Overall, women are motivated to lead a healthy lifestyle to feel good, be independent and look good. Majorities of women stated the following as motivators to good health:

  • Feel good (84%)
  • Increase energy levels (75%)
  • Prevent diseases (65%)
  • Maintain their lifestyle as they age (65%)
  • Be fit (63%)
  • Maintain their independence (63%)
  • Look good (63%)
  • Loose weight (57%)
  • Increase one's life span (57%)
  • Prevent disability (52%)
  • Be around for others who depend on them (50%)

According to the survey, older women are more motivated to maintain their lifestyle and independence, while younger women are motivated to be fit and look good.

Regardless of motivations, the survey also uncovers major barriers that exist for women to maintain a healthy lifestyle. The majority of women in the survey had set goals for themselves, yet most women are not achieving all or most of them. For instance, seventy-six percent of women have set a goal to exercise more, yet only forty-two percent have achieved all or most of that goal. Six in 10 women (61%) have set a goal to loose weight, yet only twenty-four percent have achieved all or most of their goal.

Lack of time is the most commonly mentioned hindrance to leading a healthy lifestyle according to forty-two percent of women in the survey. However, when it comes to barriers to helping families live a healthy lifestyle, the top obstacle cited is the lack of good food choices.

Health Behaviors

The survey also looked at a variety of healthy behaviors and measured women's participation, interest and the impact of these behaviors. Of the health habits listed, the majority of women were not actively engaged in most presented. For instance, while the majority of women read nutrition labels (56%), only thirty-eight percent limit their sugar intake or wear sunscreen, thirty-one percent are getting a good night's sleep, and only twenty-two percent avoid restaurants with unhealthy foods.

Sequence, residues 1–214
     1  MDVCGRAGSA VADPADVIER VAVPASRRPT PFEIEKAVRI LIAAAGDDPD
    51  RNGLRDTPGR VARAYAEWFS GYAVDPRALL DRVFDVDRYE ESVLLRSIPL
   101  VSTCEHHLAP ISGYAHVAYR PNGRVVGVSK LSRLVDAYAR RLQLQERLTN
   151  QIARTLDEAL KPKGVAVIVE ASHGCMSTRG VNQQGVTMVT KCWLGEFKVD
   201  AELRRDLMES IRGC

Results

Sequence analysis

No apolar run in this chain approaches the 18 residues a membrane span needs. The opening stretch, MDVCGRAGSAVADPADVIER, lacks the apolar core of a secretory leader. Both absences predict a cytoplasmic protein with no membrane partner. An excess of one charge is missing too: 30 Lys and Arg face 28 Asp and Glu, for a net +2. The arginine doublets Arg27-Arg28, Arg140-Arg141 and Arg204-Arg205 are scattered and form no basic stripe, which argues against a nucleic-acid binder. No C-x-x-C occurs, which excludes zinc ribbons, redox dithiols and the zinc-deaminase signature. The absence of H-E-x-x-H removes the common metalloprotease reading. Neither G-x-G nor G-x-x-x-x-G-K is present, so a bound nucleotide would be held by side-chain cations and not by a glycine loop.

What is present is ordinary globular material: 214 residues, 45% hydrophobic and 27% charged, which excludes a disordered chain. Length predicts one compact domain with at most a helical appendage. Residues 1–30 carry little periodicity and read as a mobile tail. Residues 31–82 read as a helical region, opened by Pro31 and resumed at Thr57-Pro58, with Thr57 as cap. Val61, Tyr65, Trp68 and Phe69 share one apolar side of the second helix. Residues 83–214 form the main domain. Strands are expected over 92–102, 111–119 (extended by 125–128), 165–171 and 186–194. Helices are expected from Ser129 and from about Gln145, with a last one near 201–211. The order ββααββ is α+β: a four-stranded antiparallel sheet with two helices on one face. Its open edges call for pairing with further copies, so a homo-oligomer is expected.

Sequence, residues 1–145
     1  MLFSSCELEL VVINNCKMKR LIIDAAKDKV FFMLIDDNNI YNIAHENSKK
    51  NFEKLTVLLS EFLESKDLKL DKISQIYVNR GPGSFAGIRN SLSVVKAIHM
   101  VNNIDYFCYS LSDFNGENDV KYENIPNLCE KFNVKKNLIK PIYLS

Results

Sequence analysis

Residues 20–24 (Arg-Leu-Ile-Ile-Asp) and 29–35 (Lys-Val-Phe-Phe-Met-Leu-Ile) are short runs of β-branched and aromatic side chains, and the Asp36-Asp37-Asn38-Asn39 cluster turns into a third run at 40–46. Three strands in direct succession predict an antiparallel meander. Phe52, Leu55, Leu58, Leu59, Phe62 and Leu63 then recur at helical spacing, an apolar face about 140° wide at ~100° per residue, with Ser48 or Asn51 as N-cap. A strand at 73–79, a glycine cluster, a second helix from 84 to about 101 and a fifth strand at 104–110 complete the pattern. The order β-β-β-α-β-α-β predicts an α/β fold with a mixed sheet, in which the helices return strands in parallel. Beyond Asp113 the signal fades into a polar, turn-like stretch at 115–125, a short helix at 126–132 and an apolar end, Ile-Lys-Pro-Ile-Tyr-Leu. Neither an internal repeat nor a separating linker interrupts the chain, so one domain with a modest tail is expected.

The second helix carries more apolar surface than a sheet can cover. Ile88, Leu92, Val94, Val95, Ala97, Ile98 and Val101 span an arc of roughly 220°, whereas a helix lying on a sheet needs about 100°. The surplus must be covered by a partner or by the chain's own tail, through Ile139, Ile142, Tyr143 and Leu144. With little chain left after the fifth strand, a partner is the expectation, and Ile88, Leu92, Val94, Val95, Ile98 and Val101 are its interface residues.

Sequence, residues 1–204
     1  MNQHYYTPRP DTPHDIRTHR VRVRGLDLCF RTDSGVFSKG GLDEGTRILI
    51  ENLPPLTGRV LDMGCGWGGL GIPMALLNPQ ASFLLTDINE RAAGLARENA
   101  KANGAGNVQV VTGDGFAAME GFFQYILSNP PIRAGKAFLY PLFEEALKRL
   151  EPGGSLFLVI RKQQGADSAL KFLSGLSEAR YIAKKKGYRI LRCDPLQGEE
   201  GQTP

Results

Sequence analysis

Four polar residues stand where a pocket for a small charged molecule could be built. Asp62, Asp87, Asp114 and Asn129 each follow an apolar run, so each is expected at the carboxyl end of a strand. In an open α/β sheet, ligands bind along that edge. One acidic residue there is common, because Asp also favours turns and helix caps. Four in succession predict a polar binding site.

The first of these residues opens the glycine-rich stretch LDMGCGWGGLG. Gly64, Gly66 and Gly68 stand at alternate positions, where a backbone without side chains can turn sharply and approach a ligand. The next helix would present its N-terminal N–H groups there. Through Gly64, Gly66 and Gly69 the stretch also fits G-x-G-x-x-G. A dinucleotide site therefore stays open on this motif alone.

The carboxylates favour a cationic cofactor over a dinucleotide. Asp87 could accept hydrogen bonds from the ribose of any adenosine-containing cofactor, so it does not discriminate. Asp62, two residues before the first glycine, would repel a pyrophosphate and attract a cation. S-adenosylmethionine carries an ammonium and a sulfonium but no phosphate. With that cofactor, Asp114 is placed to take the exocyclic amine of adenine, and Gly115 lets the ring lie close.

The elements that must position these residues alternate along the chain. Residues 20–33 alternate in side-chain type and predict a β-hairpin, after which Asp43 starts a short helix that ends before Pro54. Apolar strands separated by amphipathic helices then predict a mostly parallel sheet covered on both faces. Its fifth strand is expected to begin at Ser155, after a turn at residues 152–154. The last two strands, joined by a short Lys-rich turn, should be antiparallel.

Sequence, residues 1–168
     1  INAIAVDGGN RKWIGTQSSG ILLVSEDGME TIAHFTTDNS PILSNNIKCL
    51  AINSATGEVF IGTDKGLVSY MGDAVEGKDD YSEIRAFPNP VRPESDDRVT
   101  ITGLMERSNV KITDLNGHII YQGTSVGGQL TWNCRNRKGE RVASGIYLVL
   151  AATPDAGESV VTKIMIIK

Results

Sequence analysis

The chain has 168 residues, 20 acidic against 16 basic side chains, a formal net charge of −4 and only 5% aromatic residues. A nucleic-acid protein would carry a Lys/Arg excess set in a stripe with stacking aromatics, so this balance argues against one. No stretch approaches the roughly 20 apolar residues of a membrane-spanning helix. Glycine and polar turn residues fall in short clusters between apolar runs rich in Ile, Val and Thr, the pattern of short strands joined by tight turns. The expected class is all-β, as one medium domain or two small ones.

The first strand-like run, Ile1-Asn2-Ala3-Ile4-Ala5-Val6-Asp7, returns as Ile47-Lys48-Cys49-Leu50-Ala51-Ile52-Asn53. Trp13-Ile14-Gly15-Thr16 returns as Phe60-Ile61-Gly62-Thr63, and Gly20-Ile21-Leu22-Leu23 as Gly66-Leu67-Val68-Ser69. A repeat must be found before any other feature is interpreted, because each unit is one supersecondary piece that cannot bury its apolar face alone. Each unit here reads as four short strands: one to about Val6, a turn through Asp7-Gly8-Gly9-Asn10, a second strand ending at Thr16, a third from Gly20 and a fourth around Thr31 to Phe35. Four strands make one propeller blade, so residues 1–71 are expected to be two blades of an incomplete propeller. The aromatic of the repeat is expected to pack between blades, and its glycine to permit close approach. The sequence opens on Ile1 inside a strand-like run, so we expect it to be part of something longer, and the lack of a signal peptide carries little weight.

Women that are currently engaged in healthy behaviors cite exercise, at least 30 minutes of moderate activity at least three days a week, as having the biggest positive impact on their health. Women in the survey that report living a very healthy lifestyle in at least one dimension (physical, mental, spiritual) report better health, have a more positive outlook and are more likely to be achieving their goals.

One Small Step to a Healthier You

The Women Talk survey also reveals that the overwhelming majority of women agree (96%) that making small changes in their daily routines can be beneficial to their health. However, half of women (50%) also indicate they need a better understanding of the small steps they can take to improve their health.

To help women better understand how they can incorporate daily changes into their busy lives, the National Women's Health Resource Center today announced the One Small Step to a Healthier You campaign. As part of this program, NWHRC has launched a comprehensive online wellness center that seeks to provide women with the quick and simple ways they can take control of their health in order to see big results and feel better from a mind, body and spirit approach.

"With today's busy schedules, women are the ringmasters in a never-ending family circus," stated Ms. Battaglino Cahill. "We hope that our new campaign can give women the simple lifestyle tips they need to tame their chaotic days in a healthy, holistic and positive way."

The online Wellness Center includes tips and advice in the following areas:

  • Diet & Nutrition

    • Small Step: Don't pass the salt
      Did you know that too much sodium can raise your blood pressure and contribute to developing or worsening hypertension, the leading risk factor for cardiovascular disease?